Is the tail of the 'great bank dividend story' finally wagging?
With the 'big-four' banks continuing to trade at significant discounts to their intrinsic value, the negative sentiment currently being dished out to bank stocks has changed little since we covered the recent downfall earlier in the year.
As explained back in February, what's been driving the sell-off experienced by the sector at large is mounting fears over bad debt charges which Australian banks will be forced to take.
Since then, some of these fears have finally come home to roost with the ANZ Bank (ASX: ANZ) recently raising its forecast for loan losses by $100 million – on top of the $800 million charge the bank anticipated when it released its first-quarter trading update on 17 February 2016 – with management attributing the blame on unprofitable clients within the resource sector, some of which may never have the capacity to repay their debts.
In response to these revelations, the bank's share price recently fell by around 10 percent. While ANZ claims that mounting loan losses remain a small part of its total loan book, they were significant enough for some analysts to factor in a 10% cut to its dividend compared with last year.
Admittedly, bad debts experienced by Australian banks have always been modest compared with their offshore counterparts.
But what's concerning is that falling bad debt charges that have helped drive bank earnings higher in recent years – especially CBA's – could be in a reverse trend over the next few years.
It's no secret, bad debt charges have been creeping up in the wake of the mining boom crash, and the fuller impact of debt default still remains largely unknown with more liquidations likely to follow that of (unlisted) Queensland Nickle.
As the two bank stocks most at risk, it's understood that ANZ and Commonwealth Bank of Australia (ASX: CBA) both have around $20 billion each in exposure to resources-related credit.
Having been in a cyclical low for some time, impairment charges are now in what appears to be an uptrend and this is evident in the changes in bad debts experienced by three of the big-four, with CBA, Westpac (ASX: WBC) and ANZ experiencing changes in bad debts of 7.63%, 15.85% and 19.57% respectively.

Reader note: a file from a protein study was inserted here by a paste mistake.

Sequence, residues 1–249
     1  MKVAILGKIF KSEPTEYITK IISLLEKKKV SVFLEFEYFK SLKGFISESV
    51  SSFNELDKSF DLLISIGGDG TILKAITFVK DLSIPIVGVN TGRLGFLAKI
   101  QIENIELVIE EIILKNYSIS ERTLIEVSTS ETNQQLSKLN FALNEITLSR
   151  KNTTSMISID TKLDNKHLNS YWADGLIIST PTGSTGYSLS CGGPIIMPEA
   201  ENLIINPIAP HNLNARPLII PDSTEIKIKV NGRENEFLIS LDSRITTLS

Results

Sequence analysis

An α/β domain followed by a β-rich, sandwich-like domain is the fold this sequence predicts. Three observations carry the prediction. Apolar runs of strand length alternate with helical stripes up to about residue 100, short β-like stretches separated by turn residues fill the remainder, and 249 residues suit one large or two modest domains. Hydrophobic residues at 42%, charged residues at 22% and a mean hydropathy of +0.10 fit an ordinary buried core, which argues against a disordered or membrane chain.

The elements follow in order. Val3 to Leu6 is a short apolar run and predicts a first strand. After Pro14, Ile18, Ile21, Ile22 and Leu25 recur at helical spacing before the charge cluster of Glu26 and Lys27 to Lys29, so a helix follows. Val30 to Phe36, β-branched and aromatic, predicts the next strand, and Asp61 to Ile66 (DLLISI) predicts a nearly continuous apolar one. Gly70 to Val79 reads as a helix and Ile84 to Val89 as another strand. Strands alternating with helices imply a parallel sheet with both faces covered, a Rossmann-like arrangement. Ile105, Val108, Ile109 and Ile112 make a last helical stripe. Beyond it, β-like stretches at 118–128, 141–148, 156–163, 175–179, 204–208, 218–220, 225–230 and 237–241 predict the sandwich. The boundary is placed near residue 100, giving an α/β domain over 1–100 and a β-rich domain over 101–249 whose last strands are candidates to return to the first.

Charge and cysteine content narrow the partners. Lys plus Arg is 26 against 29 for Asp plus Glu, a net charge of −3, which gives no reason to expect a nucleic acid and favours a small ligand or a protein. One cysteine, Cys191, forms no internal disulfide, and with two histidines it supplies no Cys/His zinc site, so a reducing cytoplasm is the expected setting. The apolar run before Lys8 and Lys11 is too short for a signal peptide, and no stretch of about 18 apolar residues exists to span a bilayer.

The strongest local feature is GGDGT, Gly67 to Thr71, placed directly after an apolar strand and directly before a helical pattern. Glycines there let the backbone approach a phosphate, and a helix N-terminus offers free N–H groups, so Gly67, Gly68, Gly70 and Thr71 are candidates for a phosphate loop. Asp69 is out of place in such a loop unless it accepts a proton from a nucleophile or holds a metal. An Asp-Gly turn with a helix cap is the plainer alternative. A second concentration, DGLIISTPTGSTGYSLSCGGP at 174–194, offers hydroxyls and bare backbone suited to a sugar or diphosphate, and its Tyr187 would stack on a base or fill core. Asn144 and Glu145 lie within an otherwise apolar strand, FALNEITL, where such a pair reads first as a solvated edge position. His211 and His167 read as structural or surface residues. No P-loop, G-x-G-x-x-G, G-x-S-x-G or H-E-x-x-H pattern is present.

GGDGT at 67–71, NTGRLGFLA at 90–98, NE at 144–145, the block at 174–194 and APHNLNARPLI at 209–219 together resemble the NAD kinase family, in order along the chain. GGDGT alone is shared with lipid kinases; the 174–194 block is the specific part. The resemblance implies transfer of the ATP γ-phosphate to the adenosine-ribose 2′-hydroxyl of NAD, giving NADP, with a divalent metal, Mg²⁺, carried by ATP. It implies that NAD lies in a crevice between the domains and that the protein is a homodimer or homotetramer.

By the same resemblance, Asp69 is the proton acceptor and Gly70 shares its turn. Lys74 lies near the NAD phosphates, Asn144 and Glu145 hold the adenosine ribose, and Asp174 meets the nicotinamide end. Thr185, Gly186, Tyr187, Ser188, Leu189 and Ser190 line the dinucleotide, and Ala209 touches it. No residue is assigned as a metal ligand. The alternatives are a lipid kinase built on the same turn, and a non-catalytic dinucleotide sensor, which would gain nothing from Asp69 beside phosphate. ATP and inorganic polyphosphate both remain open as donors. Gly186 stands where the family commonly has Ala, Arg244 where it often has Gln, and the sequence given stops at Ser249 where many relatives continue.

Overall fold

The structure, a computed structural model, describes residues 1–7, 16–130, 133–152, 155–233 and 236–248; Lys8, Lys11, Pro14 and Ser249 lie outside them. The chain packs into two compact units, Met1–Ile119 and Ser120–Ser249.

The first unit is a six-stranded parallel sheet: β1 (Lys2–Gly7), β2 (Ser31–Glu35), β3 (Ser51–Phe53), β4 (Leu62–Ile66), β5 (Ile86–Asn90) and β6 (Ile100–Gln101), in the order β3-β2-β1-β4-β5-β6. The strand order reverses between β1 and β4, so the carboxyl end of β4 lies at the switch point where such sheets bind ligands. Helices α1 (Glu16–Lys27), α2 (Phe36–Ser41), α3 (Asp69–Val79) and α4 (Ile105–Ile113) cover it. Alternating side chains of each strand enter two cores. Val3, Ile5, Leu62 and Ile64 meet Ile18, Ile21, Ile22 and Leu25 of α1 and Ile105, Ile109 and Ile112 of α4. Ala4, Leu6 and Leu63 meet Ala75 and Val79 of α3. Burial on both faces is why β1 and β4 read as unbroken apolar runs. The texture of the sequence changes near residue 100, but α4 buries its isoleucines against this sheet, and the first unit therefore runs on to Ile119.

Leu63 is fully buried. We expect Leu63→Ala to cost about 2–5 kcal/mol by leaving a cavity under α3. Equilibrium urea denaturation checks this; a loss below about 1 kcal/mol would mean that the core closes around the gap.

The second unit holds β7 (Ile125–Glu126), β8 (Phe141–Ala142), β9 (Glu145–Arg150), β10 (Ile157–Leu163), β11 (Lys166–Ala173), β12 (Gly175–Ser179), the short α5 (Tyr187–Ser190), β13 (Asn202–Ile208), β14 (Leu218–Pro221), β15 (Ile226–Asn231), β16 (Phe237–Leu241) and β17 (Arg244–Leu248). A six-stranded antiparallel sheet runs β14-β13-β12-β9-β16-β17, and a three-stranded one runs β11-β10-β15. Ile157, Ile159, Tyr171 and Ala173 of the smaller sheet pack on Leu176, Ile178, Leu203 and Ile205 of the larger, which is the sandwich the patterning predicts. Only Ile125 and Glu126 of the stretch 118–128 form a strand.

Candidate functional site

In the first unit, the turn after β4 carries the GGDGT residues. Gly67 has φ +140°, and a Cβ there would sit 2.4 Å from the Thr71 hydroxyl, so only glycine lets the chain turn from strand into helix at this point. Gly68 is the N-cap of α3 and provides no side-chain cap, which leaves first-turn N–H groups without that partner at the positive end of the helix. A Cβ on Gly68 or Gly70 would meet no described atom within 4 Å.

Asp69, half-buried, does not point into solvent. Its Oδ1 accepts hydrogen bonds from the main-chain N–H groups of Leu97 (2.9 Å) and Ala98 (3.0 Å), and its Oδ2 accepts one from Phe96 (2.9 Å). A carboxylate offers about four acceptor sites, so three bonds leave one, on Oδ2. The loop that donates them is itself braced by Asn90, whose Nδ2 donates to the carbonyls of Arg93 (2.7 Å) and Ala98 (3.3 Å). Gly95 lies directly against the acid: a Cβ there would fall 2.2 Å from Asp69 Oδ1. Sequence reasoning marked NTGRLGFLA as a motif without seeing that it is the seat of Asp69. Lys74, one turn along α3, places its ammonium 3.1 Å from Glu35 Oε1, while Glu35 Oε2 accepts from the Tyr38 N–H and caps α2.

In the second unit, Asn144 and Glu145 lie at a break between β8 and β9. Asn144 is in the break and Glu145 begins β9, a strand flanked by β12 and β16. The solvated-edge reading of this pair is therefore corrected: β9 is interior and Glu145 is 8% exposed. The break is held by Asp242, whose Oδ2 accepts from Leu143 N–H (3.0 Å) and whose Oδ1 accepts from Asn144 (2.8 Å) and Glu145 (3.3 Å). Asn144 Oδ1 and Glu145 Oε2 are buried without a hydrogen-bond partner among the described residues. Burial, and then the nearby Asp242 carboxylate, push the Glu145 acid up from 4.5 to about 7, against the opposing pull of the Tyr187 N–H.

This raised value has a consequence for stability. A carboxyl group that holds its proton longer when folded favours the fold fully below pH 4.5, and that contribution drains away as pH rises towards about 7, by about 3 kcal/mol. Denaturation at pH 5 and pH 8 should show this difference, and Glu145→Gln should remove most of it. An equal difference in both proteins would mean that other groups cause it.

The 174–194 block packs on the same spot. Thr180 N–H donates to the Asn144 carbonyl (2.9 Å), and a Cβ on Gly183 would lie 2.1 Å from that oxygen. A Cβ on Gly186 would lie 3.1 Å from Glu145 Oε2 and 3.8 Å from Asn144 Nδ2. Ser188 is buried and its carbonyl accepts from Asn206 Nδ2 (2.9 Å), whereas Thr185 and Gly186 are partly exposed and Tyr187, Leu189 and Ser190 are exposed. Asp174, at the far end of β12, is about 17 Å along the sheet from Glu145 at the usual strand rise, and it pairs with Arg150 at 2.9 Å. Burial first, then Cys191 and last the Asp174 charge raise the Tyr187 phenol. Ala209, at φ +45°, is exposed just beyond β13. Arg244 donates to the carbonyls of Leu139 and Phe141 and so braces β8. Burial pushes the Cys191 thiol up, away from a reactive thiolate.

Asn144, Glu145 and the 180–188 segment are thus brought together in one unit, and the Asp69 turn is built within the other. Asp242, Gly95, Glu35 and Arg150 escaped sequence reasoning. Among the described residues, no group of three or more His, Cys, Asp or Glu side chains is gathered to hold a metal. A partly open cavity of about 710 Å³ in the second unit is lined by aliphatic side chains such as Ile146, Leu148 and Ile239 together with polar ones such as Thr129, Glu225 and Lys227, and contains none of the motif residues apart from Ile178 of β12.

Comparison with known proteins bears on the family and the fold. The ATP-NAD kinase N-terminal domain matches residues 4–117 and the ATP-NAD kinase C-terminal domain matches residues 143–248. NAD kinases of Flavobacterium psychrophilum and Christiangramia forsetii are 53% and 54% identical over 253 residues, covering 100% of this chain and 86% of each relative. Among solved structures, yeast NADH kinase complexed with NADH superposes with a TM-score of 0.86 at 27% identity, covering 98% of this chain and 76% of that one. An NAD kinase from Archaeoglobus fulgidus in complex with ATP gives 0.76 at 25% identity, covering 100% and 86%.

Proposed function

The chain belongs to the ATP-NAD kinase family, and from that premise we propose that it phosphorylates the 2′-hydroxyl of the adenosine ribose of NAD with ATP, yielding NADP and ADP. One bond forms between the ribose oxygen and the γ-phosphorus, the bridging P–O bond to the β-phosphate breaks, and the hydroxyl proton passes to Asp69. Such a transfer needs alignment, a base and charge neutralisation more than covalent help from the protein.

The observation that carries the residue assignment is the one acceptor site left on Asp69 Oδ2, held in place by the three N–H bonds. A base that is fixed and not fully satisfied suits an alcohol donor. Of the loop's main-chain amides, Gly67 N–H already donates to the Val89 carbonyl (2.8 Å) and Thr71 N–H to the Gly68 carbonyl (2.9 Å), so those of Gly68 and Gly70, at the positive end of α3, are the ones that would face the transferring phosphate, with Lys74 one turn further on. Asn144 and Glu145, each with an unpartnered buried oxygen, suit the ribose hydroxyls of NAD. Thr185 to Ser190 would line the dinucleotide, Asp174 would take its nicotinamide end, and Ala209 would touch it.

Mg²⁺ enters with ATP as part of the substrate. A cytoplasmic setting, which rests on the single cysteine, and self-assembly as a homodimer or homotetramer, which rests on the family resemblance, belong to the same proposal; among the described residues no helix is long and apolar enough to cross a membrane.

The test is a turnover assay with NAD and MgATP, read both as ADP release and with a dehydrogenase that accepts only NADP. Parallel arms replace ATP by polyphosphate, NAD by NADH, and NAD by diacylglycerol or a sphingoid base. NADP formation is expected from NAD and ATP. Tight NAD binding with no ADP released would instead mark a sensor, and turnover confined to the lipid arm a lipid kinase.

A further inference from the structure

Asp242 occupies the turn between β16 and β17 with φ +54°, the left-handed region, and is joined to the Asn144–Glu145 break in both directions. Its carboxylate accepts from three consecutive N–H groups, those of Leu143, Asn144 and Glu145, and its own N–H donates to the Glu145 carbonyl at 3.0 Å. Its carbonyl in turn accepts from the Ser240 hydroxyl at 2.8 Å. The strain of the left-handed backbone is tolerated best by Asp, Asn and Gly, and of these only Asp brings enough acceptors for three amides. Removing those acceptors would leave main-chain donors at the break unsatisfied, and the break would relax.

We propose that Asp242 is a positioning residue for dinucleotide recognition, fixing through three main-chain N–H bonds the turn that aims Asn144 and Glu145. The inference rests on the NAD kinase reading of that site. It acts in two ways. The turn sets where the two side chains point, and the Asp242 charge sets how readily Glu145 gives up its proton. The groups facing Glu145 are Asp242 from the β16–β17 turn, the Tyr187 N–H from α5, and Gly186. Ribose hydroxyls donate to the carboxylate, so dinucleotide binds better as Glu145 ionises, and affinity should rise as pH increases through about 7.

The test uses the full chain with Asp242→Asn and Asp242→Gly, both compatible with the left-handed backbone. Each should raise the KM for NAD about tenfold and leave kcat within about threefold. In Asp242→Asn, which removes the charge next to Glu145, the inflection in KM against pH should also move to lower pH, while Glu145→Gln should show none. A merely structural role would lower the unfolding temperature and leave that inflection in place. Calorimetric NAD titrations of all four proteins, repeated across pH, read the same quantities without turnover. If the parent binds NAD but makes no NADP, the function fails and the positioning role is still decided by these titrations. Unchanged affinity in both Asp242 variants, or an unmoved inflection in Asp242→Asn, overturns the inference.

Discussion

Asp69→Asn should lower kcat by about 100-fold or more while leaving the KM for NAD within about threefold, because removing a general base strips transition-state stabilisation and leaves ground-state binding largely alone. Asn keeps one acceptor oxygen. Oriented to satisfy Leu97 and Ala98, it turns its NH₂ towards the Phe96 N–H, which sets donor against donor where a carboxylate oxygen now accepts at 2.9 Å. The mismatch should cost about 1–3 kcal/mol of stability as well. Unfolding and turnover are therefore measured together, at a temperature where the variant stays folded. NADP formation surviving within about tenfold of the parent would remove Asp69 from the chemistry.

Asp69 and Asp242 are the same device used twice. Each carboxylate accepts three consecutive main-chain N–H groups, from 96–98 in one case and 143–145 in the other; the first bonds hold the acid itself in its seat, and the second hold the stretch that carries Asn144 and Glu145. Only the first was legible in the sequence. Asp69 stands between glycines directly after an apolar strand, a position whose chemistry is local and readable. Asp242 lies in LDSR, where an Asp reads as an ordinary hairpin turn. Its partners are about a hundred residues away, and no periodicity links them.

It's true, Australian banks are among the most profitable in the world, and rising bad debt provisions can be relatively easily absorbed. However, like it or not, the market regards heightened bank debt risk a big deal, and rightfully so, with increasing bad debt provisions expected to impact profitability.
However, while it does appear that the local bank sector has been left over-sold since the routing dished out to over the last 12 months, further bad news is expected for the global sector at large, which means local banks are likely to come under greater weakness going forward.
Heading into earnings season, analysts have cut their expectations for almost three-quarters of the companies in the S&P 500's financial sector, and low interest rates, regulation and exposure to the troubled energy sector continue to cast a shadow over bank shares this year – making the financial sector the worst performer in the S&P 500 in 2016.
In light of continued margin pressure on Australian banks, softer lending growth, plus offshore funding issues, downgrades by analysts on all banks are in store, with flat or falling dividends likely to come under greater pressure.
Any unwinding of the market's exposure to banks, on the back of any hints we're in a lower dividend environment, will only create further downward pressure on the bank share prices.
Neither ANZ nor NAB look aggressively priced, but it's ANZ that appears to be the most oversold.
Given that it's still priced for a good outlook – at two times book – with the share price trading on a 0.5 – 1 multiple greater than ANZ and National Bank of Australia (ASX: NAB), CBA has been left looking the most exposed.
As the largest dividend payer on the ASX, CBA paid $3.4 billion [in dividends] to shareholders when it announced its result for the six months to 31 December 2015.
Interim results for the other three major banks in the first week of May will come under intense scrutiny by the market, especially any changes to dividend policy.
It's clearly too early for bell-ringers to call time on the long-running 'bank dividend story'. But we'll get a much better idea of the fuller implications over the next 18 months, depending in part, on what happens to domestic interest rates in the meantime.
With further downward pressure expected for banks, there's no compulsion to buy at current levels. Short sellers should keep their eyes open for short-term opportunities.